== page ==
d. Idahoans have access to evidence-based non-medical continence education to reduce falls risk while maintaining social engagement and physical activity

    e. Individuals, caregivers, and families understand the implications of medication on falls risk

    f. Individuals, caregivers, and providers are aware of the impact of fear of falling (FoF) and utilize education and resources to reduce FoF while improving or maintaining healthy social engagement and physical activity

    g. Availability of evidence-based falls prevention programs are increased and available through in-person, virtual, group, and one-to-one delivery
  3. Health care professionals/students and service providers increase awareness of the incidence and implication of falls and how to work with clients related to falls risk

    a. Health care professionals/students and service providers utilize evidence-based falls risk assessment with clients and refer them appropriately to community resources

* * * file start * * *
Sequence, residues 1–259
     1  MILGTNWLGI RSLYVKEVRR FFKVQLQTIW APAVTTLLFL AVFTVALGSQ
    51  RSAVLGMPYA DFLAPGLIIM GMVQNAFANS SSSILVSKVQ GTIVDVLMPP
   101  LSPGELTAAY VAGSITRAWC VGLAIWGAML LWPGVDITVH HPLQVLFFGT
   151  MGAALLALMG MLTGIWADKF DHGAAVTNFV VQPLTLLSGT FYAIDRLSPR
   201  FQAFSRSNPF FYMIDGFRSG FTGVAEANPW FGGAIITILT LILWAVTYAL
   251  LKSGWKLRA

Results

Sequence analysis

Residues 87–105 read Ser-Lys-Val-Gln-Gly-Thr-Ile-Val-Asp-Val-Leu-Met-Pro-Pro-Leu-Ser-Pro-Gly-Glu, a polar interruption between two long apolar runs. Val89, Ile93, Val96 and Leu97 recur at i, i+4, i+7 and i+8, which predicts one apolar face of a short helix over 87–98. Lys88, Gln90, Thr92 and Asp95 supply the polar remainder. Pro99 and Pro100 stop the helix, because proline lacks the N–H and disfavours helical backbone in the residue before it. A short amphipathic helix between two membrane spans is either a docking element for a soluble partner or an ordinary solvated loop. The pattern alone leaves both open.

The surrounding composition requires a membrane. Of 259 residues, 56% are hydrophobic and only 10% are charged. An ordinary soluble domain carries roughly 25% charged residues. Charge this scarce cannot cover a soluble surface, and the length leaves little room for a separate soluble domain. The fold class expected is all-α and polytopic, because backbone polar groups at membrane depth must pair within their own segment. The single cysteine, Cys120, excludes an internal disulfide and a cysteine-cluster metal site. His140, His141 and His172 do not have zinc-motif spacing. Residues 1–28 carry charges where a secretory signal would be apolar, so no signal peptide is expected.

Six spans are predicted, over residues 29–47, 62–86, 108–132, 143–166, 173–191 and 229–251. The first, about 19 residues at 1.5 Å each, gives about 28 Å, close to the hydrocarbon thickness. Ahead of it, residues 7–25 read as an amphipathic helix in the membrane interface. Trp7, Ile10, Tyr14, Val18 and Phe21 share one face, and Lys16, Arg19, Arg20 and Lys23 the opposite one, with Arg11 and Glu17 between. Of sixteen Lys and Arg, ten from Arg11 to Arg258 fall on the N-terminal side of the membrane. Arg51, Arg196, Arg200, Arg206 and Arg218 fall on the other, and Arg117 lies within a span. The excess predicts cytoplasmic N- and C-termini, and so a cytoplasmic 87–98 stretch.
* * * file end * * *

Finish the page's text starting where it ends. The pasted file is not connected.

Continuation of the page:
b. Pharmacists and health care providers are aware of the implications of medications and polypharmacy on falls risk and implement a standard of care that balances the benefits and harms of medication use
  4. Health care providers utilize tools and processes to integrate falls prevention consistently into their practice

    a. The FPC-ID provides a forum for healthcare professionals to discuss integration of falls prevention into the workflow of their practice

    b. The FPC-ID facilitates identifying and supporting a mechanism for referral of individuals at increased risk of falls to falls prevention intervention and educational opportunities
  5. Adults, families, and communities identify trip hazards in homes and public spaces   and have access to resources to make necessary modifications

    a. Communities, including public officials, planners, and maintenance implement accessible neighborhood and public space standards that reduce trip hazards and decrease the risk of falls while facilitating full participation, mobility, and independent functioning

    b. Public health and related services including housing authorities recognize and promote home safety measures including universal design and adaptive equipment that reduce home trip and slip hazards, increase mobility, and improve independent functioning